"We all tried to be really careful in the summer — or, as we called it back then, 'polio season,''" John says. This was because every year around Memorial Day, major outbreaks would begin to emerge and they'd spike sometime around August. People weren't really sure how the disease spread at the time, but many believed it traveled through the water. There was no cure — and every child was susceptible to getting sick with it.

"We couldn't swim in hot weather," he remembers, "and the municipal outdoor pool would close down in August."

Then, in 1954 clinical trials began for Dr. Jonas Salk's vaccine against polio and within a year, his vaccine was announced safe. "I got that vaccine at school," John says. Within two years, U.S. polio cases had dropped 85-95 percent — even before a second vaccine was developed by Dr. Albert Sabin in the 1960s. "I remember how much better things got after the vaccines came out. They changed everything," John says.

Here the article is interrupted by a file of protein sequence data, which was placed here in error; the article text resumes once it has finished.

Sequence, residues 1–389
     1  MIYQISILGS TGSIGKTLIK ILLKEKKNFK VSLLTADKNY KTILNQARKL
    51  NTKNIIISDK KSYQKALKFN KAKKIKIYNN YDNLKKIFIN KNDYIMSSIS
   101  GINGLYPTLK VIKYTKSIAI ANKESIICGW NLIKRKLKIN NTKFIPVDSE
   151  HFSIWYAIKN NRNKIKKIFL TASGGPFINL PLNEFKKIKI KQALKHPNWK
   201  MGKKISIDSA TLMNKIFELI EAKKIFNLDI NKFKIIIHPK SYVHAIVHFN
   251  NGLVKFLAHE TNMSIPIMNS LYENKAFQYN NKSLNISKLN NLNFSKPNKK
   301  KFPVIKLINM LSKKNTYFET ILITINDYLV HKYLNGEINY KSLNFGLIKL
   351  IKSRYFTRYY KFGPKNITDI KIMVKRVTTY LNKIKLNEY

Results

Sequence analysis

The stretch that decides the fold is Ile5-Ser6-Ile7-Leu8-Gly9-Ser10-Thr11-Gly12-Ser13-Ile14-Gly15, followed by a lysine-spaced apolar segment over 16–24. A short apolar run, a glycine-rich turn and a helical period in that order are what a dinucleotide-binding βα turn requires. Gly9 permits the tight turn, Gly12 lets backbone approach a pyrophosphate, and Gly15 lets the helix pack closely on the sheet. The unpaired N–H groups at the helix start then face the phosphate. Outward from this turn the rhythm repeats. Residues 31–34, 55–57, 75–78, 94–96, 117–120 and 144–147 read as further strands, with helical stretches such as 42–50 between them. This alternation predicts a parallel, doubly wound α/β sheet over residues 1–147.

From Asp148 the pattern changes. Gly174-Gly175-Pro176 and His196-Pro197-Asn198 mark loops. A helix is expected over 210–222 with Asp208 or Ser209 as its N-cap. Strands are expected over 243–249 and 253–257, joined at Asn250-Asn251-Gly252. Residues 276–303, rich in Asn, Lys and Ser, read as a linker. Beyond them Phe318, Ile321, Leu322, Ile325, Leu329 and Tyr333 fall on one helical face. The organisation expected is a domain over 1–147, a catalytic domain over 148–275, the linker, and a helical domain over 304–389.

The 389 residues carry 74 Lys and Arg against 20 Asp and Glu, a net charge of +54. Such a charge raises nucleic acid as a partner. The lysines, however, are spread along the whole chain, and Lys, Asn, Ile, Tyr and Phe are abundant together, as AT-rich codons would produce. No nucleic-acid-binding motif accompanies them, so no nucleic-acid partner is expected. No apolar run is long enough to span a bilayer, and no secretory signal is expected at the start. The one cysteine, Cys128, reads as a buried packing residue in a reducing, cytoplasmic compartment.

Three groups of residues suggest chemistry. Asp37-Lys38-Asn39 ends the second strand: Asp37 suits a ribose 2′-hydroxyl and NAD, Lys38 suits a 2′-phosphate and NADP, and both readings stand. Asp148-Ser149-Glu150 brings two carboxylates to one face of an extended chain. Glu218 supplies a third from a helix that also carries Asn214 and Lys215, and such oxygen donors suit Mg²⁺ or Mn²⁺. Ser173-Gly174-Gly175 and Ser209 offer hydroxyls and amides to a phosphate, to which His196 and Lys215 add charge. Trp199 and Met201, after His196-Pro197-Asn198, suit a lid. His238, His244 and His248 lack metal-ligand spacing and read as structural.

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When "bobcat" trended on Twitter this week, no one anticipated the unreal series of events they were about to witness. The bizarre bobcat encounter was captured on a security cam video and...well...you just have to see it. (Read the following description if you want to be prepared, or skip down to the video if you want to be surprised. I promise, it's a wild ride either way.)

In a North Carolina neighborhood that looks like a present-day Pleasantville, a man carries a cup of coffee and a plate of brownies out to his car. "Good mornin!" he calls cheerfully to a neighbor jogging by. As he sets his coffee cup on the hood of the car, he says, "I need to wash my car." Well, shucks. His wife enters the camera frame on the other side of the car.